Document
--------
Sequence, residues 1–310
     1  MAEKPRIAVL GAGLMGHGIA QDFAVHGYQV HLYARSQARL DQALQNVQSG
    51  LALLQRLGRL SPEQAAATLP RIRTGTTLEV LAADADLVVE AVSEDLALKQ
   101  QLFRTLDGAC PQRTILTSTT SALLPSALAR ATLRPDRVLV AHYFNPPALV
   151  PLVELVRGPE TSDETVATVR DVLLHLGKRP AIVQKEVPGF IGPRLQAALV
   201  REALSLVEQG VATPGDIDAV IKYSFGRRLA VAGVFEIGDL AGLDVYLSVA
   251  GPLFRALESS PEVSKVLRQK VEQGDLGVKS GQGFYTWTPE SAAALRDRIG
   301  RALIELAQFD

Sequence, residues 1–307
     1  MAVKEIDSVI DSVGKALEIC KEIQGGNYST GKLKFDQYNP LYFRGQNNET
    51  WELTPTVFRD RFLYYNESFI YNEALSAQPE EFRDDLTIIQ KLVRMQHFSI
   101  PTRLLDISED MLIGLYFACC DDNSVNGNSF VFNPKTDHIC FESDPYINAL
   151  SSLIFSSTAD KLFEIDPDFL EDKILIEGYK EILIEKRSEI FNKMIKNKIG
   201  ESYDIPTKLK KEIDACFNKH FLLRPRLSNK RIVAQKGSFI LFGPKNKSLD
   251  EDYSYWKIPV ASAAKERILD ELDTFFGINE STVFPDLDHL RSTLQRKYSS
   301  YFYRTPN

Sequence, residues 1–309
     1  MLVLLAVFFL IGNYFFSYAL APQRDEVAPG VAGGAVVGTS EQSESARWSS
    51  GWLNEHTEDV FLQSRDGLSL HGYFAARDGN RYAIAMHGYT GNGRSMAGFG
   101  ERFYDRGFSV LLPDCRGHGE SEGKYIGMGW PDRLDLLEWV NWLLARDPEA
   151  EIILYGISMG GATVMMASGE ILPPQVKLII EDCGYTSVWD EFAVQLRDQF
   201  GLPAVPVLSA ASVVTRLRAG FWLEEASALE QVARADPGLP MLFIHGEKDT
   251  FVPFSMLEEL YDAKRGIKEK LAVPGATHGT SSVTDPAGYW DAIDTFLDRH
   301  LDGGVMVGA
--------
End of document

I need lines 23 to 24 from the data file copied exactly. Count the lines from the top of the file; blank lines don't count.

   251  FVPFSMLEEL YDAKRGIKEK LAVPGATHGT SSVTDPAGYW DAIDTFLDRH
   301  LDGGVMVGA